More Dallas Burger Restaurants Are Grinding Their Own Meat, and It's Worth Their Time

The Hopdoddy burger
The Hopdoddy burger
Catherine Downes

More Dallas restaurants are grinding their own beef, an attempt to differentiate their burgers from the rising deluge of patty grease. They're also making the move because it results in burgers that are more delicious.

Most recently, Braindead Brewery released a menu (pictured above) with a house-ground burger that's said to induce a coma. And in North Dallas, Spork gives the fast-casual burger the same treatment.

Just three years ago, burgers made from house-ground meat were hard to find in Dallas. In my review of 303 Bar & Grill, I was disappointed to find that the kitchen that had initially promised freshly ground beef had decided to abandon the practice. The burgers were terrible. I was confused because, back then, grinding your own meat for burgers was a clear differentiator. Now, it's not so much.

Austin-based Hopdoddy's growing empire is built on the house grind. Grub Burger Bar unleashed more of the same on Dallas in 2013. Now they have locations all over Texas and in four other states as far away as Pennsylvania. Rodeo Goat recently landed in town from Fort Worth with grinding blades spinning, and over on Greenville the Libertine Bar spent a solid amount of money on a new grinder so they could amplify their burger.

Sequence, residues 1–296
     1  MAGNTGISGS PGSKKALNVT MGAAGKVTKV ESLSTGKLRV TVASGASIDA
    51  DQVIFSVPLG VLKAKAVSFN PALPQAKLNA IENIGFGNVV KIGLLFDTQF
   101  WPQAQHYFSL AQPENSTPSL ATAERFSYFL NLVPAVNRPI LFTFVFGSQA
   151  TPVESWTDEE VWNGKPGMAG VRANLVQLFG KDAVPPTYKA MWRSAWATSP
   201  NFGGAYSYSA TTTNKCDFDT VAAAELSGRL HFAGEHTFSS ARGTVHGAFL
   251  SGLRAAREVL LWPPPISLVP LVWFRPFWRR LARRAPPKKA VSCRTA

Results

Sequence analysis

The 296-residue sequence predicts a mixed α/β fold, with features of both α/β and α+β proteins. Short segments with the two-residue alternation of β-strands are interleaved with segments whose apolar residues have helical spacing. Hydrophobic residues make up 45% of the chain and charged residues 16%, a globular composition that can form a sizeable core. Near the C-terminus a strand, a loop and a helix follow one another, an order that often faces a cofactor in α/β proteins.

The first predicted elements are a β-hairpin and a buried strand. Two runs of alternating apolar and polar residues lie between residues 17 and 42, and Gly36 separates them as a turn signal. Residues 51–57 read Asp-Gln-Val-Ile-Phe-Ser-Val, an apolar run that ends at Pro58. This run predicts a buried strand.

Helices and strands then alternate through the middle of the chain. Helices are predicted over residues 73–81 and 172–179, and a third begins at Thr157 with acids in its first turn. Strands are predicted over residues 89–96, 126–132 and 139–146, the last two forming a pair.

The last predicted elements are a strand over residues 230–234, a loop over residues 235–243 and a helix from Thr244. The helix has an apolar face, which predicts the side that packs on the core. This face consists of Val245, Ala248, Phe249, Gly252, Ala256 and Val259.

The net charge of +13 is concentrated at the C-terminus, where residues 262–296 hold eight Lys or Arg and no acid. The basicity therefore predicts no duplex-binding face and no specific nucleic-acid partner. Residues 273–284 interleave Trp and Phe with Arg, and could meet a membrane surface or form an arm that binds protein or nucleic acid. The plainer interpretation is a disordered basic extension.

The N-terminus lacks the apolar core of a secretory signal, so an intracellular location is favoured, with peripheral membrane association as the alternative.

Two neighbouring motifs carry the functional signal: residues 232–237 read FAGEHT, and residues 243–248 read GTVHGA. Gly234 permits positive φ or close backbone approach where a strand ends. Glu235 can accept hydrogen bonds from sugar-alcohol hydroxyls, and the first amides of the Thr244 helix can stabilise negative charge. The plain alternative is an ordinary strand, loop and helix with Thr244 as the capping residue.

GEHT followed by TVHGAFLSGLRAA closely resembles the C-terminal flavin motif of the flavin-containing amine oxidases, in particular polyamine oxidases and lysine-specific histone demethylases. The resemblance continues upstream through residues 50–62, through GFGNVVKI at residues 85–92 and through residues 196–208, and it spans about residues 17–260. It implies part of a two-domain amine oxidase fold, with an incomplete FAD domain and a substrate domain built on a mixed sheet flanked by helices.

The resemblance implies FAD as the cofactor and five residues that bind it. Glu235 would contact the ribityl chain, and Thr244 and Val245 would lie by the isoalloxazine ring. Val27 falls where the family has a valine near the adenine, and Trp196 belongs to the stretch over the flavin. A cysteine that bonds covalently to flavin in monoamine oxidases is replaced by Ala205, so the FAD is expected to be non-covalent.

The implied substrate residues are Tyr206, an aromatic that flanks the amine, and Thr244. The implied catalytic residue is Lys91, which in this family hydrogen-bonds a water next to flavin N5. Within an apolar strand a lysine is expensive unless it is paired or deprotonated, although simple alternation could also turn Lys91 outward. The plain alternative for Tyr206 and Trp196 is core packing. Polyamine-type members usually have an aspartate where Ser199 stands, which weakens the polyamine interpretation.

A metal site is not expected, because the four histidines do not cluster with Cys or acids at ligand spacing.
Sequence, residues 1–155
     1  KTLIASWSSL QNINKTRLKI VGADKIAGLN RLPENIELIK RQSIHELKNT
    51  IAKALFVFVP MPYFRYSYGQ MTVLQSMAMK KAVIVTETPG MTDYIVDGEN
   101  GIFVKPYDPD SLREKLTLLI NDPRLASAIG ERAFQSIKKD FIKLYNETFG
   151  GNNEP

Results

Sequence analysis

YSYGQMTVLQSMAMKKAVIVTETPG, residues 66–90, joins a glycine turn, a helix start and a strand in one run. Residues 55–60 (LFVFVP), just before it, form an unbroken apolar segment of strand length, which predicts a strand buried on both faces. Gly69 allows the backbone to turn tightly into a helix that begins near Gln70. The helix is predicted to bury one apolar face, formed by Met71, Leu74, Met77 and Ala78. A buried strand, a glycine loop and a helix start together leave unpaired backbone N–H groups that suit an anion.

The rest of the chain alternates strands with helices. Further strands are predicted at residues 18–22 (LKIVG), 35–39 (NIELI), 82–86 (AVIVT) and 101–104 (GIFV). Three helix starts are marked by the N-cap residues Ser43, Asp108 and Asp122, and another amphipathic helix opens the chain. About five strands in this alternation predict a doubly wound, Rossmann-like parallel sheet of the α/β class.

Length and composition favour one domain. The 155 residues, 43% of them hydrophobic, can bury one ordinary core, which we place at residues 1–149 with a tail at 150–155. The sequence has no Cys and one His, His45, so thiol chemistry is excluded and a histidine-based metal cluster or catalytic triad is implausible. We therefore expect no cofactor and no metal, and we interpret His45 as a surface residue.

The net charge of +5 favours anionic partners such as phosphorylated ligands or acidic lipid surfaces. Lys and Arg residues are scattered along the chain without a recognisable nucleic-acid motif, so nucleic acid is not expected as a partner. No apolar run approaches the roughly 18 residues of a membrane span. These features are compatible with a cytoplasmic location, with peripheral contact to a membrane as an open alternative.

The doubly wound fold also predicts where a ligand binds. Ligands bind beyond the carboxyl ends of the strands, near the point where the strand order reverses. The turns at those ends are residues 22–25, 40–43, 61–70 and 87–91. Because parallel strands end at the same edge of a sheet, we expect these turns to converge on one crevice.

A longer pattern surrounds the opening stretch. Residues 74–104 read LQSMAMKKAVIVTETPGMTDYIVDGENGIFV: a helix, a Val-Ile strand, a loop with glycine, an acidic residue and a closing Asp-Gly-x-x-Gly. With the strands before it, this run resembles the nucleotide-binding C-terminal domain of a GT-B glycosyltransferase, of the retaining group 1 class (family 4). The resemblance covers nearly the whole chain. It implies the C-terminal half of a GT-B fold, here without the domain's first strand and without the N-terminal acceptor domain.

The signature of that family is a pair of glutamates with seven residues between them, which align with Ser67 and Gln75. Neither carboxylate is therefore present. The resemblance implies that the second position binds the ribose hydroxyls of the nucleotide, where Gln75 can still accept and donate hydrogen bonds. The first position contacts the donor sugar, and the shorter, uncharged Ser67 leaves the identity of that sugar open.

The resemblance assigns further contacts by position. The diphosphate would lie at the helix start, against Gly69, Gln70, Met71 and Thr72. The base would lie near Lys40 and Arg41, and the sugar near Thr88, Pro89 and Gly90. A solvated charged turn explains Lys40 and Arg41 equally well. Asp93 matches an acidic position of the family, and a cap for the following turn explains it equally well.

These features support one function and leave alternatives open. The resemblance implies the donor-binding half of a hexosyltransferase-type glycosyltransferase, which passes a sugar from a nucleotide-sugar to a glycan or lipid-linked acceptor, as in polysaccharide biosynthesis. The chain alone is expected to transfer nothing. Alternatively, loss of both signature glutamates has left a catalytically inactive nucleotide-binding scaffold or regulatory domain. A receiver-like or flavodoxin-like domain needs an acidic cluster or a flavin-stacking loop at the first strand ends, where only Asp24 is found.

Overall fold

If you're wondering what the big deal is, and why burger meat that's ground over there would be significantly worse than burger meat ground over here, the difference is significant. First, there's a matter of freshness -- the meat just tastes better when it's ground the day it's seared -- but there's also a matter of burger mechanics. Burger meat that arrives pre-ground is often wrapped in plastic or, worse, formed into tightly packed plastic disks and then wrapped in plastic. That compression leads to dense and tough burgers.

By grinding it in-house, a kitchen gains control of the many variables that effect your burger experience. Meat can be formed into loosely packed patties that will cook evenly and give gently when the recipient takes a bite, and cooks know without a doubt how long ago the meat was processed. You can still make a shitty burger with house-ground beef by squishing the patty while you grill it (dry), under seasoning it (bland) or over cooking it (even drier), but usually restaurants that take the time to grind their own meat don't skimp on the other steps.

I haven't tried the burgers at Braindead or Spork, yet, but their menus are both making me feel a little lusty. If you want a good chance at a solid burger experience, just look toward the grind.


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